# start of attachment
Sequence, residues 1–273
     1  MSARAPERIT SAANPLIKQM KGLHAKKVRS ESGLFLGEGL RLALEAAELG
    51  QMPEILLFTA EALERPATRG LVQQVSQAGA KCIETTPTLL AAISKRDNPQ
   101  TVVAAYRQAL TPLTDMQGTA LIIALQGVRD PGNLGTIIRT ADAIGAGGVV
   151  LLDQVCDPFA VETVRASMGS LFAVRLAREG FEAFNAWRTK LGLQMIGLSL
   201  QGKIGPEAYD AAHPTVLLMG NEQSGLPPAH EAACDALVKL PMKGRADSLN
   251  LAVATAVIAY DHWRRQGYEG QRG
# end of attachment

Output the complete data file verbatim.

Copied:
Sequence, residues 1–273
     1  MSARAPERIT SAANPLIKQM KGLHAKKVRS ESGLFLGEGL RLALEAAELG
    51  QMPEILLFTA EALERPATRG LVQQVSQAGA KCIETTPTLL AAISKRDNPQ
   101  TVVAAYRQAL TPLTDMQGTA LIIALQGVRD PGNLGTIIRT ADAIGAGGVV
   151  LLDQVCDPFA VETVRASMGS LFAVRLAREG FEAFNAWRTK LGLQMIGLSL
   201  QGKIGPEAYD AAHPTVLLMG NEQSGLPPAH EAACDALVKL PMKGRADSLN
   251  LAVATAVIAY DHWRRQGYEG QRG